Denise Snaer-Gauder still remembers the first class she ever took at The Crucible, way back in 2001, when Crucible Founder Michael Sturtz and Hopi Breton were still teaching in the Foundry Department. Denise’s daughter, Aryana, had convinced Denise to take Iron Casting with her, and even though she had some initial reservations, Denise says once she looked down into the fire of the cupola, she knew. She was addicted.
Denise continued to take classes in Foundry, while also experimenting with performance art, incorporating the pyrotechnics of iron pours into larger performances at both national and international conferences. When she retired from her career as a landscape architect, she joined The Crucible’s faculty in our Foundry Department.
We chatted with Denise about her performances, her favorite memories, and what has kept her around The Crucible for so many years.
What attracted you to performance?
I knew of other people doing it, like George Beasley, who builds these incredible organic nest cupolas made out of branches, and lined with refractory. So when I heard George Beasley actually poured iron into wood, I started doing it, through trial and error.
What’s different about pouring iron into wood?
It’s reactive, which means it has pyrotechnical qualities from the iron. Some people carve directly into a tree trunk and that’s extremely reactive and explosive and it just blows up. But I pour into a flat form, which is reactive, and when you turn it over, you get the charred wood effect in the iron, making it unique. So I actually do a performance, and then I have a finished piece.
How did your performances develop?
I started making my own sculptural wooden forms, and it was just fun, something that you do after you do a production pour. Then Hopi and I did a big performance, where we made a six-foot iron wheel with wooden paddles. We poured iron into it, so the wheel became a Ferris wheel of iron. I tried to treat iron like water, approaching it from the lens of landscape architecture. I would make iron fountains, and unexpected things would happen. When iron was poured into a fountain made of bamboo, it started to pop like explosives, because bamboo has chambers. We didn’t really think that out, but that became part of the performance.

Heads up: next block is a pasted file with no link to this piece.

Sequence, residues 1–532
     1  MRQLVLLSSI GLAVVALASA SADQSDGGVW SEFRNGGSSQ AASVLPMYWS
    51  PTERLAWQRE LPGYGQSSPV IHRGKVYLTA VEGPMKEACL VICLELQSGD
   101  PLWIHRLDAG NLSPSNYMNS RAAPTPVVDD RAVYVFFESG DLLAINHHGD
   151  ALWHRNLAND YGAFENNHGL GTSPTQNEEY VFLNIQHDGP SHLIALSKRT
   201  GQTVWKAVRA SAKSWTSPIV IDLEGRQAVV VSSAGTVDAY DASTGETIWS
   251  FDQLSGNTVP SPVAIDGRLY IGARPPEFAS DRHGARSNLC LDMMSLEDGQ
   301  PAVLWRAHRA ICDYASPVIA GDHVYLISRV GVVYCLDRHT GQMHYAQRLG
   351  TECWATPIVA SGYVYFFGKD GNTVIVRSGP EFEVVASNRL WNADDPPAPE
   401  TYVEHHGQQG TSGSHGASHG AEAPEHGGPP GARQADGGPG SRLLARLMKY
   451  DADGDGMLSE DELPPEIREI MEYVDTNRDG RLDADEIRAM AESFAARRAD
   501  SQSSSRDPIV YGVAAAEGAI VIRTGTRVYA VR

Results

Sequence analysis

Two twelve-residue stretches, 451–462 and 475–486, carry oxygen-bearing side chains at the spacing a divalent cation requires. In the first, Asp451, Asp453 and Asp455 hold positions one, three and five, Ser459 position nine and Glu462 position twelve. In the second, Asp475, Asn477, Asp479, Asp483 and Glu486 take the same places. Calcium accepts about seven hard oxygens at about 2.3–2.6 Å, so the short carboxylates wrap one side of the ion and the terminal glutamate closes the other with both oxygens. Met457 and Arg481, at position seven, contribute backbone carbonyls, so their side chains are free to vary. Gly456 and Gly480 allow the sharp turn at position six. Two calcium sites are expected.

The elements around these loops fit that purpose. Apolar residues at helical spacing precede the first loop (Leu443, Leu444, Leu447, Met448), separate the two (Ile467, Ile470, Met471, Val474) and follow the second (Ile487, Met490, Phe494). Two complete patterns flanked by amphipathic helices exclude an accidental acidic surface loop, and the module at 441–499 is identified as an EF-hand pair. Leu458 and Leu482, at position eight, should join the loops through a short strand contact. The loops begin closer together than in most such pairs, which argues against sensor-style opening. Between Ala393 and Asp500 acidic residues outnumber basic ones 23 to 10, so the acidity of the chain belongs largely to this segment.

What inspires you?
Just about everybody here inspires me, that’s what keeps me coming back, but the youth especially. I always tell the kids who come into my class, ‘This isn’t something you are going to do for the rest of your life. This is only going to open doors for you, because knowledge is the key to getting ahead in life.’ And a lot of these kids are so motivated, all you do is light a little fire under them, and they get inspired, and start to challenge themselves. I’ve seen this time and time again, and am flabbergasted by some of the things they come up with. A lot of these kids go on to get full scholarships to really good colleges. That inspires me.
What’s something you saw at The Crucible you will never forget?
The Fire Odyssey at the Fire and Light Festival. That was a phenomenal performance produced by Michael Sturtz. It was really pushed to limit. They had opera singers sitting in these 30-foot sculptures from American Steel; there were tesla coils; the Oakland Fire Department was involved; Kinetic Steam Works was involved; Nick was doing a pour…but I think what really struck me was when they had a 90-foot crane pick up a wooden oil derrick representing the Trojan horse. The crane dropped it on the stage, and all of a sudden the whole Blacksmithing Department walked out!